# Limerick primes

The other day, Futility Closet posted this observation:

10102323454577 is the smallest 14-digit prime number that follows the rhyme scheme of a Shakespearean sonnet (ababcdcdefefgg).

I posted this on AlgebraFact and got a lot of responses. One was from Matt Parker who replied that 11551 was the smallest prime with a limerick rhyme scheme.

So how many limerick primes are there? Well, there aren’t many candidates. A limerick prime has to have the form AABBA where A is an odd digit and B is any digit other than A. So for each of five choices of A, there are nine possible B’s. Here’s a Mathematica program to do a brute force search for limerick primes.

```    For[ j = 0, j < 5, j++,
For[ k = 0, k < 10, k++,
x = (2 j + 1)*11001 + 110 k;
If[ PrimeQ[x], Print[x] ]]]
```

It turns out there are eight limerick primes:

• 11551
• 33113
• 33223
• 33773
• 77447
• 77557
• 99119
• 99559

See the next post for Mathematica code to list all sonnet primes.

Update: See Lawrence Kesteloot’s code for a different kind of Limerick prime, a number that sounds like limerick when read outloud.

## 10 thoughts on “Limerick primes”

1. Incidentally, 99559 are the number of syllables per line in a limerick.

2. John V.

Thats really cool and it takes me back to my youth …

One of my first forays into numerical computing was an implementation of the Sieve of Eratosthenes in graphics memory (for space) to ennumerate primes. I noticed that 16661 was prime and then limited the output to palindromic primes. I happened to notice that all of the palindromic primes except 11 had an odd number of digits. That inspired my first mathematical proof — that 11 is the only palindromic prime with an even number of digits.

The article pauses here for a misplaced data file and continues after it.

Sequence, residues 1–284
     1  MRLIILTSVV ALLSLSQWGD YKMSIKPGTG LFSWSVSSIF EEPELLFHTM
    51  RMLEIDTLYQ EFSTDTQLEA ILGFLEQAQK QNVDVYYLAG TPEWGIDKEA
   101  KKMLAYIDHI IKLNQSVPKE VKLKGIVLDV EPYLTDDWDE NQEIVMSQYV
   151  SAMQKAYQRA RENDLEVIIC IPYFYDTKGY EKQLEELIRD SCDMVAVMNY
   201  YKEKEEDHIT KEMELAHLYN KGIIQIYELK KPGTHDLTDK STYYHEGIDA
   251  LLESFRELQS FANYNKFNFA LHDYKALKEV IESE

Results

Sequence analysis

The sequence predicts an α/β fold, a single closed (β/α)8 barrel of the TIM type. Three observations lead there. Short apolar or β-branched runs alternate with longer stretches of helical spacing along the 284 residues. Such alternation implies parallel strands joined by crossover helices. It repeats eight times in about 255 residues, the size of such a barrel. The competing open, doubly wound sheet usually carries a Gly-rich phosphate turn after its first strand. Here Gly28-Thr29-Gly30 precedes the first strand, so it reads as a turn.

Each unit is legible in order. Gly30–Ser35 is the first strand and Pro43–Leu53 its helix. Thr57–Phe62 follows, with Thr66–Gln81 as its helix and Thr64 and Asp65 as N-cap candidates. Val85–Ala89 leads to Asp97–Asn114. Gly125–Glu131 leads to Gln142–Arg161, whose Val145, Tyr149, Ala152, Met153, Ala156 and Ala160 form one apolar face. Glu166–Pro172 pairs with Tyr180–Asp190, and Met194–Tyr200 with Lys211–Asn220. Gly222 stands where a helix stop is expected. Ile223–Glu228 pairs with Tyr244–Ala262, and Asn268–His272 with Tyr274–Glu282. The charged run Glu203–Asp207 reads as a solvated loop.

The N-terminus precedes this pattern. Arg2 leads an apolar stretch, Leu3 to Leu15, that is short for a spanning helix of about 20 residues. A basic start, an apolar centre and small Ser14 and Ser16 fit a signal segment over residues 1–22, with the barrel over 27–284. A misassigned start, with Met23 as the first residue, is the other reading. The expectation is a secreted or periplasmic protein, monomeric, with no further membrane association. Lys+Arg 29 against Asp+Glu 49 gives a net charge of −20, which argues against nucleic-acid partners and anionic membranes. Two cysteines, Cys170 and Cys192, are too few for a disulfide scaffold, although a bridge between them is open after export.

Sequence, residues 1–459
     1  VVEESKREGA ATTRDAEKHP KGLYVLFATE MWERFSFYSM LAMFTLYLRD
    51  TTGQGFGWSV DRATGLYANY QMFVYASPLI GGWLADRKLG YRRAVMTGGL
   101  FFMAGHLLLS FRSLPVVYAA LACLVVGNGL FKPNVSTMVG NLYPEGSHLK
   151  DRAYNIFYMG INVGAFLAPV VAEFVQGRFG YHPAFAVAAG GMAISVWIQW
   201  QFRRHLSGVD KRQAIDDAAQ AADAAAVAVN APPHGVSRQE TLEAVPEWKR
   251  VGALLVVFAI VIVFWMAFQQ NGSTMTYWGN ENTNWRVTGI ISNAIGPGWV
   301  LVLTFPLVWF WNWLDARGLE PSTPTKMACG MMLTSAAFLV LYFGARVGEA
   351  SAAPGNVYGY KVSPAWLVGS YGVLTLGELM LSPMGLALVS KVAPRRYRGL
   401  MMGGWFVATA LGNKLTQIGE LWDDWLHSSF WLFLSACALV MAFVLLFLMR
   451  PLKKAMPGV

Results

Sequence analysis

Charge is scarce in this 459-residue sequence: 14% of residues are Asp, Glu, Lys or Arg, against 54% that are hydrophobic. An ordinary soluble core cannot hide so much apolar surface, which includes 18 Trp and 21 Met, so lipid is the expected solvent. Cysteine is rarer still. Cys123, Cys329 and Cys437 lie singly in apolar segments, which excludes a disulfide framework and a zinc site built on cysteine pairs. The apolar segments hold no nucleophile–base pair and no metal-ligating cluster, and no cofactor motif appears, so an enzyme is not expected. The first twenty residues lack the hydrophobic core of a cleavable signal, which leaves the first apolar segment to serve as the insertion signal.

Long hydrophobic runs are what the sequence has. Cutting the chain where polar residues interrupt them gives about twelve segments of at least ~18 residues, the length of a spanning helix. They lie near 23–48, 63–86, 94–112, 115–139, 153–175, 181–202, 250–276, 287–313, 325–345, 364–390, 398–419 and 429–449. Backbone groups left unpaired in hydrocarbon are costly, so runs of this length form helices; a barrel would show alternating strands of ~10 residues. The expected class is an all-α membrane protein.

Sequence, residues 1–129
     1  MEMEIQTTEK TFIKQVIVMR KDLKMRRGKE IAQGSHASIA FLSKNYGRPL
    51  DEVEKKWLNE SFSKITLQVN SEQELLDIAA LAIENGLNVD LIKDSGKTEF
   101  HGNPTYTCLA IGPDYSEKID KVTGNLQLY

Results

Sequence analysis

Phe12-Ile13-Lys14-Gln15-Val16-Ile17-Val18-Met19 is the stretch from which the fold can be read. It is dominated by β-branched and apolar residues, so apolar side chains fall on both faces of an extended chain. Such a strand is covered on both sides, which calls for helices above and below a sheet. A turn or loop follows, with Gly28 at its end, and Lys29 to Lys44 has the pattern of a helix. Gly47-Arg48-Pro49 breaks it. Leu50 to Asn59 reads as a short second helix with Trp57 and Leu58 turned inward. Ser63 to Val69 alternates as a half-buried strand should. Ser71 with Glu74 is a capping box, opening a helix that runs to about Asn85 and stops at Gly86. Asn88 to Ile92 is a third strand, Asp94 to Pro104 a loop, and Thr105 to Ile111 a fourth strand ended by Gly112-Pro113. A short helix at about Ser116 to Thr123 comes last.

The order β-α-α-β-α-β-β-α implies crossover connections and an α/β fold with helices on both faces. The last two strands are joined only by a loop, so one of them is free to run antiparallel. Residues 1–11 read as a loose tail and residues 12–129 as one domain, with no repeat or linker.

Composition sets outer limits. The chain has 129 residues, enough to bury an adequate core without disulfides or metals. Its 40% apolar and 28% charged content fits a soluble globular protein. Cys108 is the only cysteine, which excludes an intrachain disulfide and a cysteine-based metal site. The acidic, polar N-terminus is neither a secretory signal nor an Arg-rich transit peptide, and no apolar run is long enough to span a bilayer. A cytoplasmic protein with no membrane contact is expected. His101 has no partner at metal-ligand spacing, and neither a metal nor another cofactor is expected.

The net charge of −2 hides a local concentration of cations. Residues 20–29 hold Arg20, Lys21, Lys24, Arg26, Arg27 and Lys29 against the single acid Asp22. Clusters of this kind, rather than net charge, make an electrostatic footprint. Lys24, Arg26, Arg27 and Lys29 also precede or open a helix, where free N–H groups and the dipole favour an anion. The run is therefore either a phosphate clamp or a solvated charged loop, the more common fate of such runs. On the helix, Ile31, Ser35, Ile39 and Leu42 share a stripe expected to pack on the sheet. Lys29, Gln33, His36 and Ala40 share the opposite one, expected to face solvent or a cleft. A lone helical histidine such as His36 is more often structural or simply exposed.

3. What if you consider 2 digits for a and b like AABBA = 13 13 12 12 13?

4. Here are additional limerick primes for A and B < 20,

7710107, 7713137, 7719197, 9913139, 9916169, 9919199, 1111202011,13134413, 13138813, 17172217, 17177717, 1717202017, 19191119, 19192219, 19194419, 1919111119, 1919161619, 1919171719.

5. EastwoodDC

Wishing I had time today to compose an appropriate limerick in response. :-)

6. Andrew

Two quintillion, seventy-seven
Trillion, one billion,
Twenty-four million,
One thousand two hundred and seven.

7. Andrew’s prime above is 2077311001024001207 for those who, like me, might need to look up the meaning of quintillion or quadrillion.

8. A functional version:

Select[Flatten[Table[
(2 j + 1)*11001 + 110 k,
{j, 0, 4, 1},
{k, 0, 9, 1}]], PrimeQ] // TableForm